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School-Based Interventions : Psychosis
 
Interventions for Hallucinations/Delusions

Accommodations

  1. Identify and avoid the student's exposure to known distressing stimuli

    Example:
    Clarify with the student or family the items, places, or topics that trigger delusional thinking and find alternatives, particularly when the student is stressed or currently experiencing psychosis symptoms ("Starry, Starry Night" painting by van Gogh distresses student, so take it down and replace with more organized, less animated art).
  2. Provide the student with grounding activities

    Example:
    Provide the student familiar, predictable activities throughout the day to keep the student aware of where he/she is (non-emotional reading content, familiar rituals such as taking attendance, check-in questions ["what are you doing this afternoon?"], reciting the pledge of allegiance or class mission).

Modifications

  • Allow the student alternative schoolwork or activities to avoid provoking delusions

    Example:
    If the student cannot proceed with a task, provide an alternative, "grounding" task which requires little creativity, such as reading, moving items, or doing rote tasks. top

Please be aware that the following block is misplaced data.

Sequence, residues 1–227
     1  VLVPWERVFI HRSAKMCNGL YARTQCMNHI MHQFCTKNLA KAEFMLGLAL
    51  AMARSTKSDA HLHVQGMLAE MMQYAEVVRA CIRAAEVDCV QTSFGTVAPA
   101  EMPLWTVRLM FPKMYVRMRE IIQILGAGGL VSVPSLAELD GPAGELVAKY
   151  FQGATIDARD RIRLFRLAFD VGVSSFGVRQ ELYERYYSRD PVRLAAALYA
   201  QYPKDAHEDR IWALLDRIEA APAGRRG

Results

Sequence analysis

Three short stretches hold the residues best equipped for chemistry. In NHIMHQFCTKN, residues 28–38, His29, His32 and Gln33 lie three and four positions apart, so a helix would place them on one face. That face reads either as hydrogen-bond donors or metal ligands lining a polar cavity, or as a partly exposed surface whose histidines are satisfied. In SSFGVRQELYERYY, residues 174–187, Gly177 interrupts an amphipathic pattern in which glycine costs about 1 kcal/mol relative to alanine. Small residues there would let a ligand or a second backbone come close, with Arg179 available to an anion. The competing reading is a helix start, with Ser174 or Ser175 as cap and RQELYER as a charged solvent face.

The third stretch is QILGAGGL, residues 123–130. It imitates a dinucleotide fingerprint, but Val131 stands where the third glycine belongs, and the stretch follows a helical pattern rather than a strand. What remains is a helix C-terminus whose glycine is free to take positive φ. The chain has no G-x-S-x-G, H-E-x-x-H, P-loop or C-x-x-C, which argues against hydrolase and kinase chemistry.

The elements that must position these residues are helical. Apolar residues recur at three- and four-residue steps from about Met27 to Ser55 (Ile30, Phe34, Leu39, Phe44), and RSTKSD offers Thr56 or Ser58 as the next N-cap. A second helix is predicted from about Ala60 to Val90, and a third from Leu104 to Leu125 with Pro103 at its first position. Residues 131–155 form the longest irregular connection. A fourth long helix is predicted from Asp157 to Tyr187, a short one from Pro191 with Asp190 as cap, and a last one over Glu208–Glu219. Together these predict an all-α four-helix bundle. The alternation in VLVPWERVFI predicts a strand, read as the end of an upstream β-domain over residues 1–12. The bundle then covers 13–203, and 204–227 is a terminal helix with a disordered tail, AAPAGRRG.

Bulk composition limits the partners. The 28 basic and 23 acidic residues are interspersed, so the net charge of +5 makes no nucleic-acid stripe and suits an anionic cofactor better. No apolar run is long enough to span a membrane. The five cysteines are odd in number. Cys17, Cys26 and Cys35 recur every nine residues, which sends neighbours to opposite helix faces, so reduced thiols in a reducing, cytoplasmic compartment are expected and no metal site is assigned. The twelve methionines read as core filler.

Behavioral Planning

  • Devise steps to employ when the student is delusional or hallucinating

    Example:
    Employ a series of steps to de-escalate the student when he/she is becoming more delusional (first: change topic, second: change activity, third: change setting, fourth: change staff).
  • Provide a hierarchy of safe places to de-escalate if the student is over-stimulated

    Example:
    Identify several places, based on where the student is likely to be at different times during the school day, that feel safe and help to ground the student (in morning classes the student can go to the cafeteria, at lunch he/she can go to the special education classroom, in the afternoon he/she can go to the library or gym if there are too many people in the library). top
 
   
 
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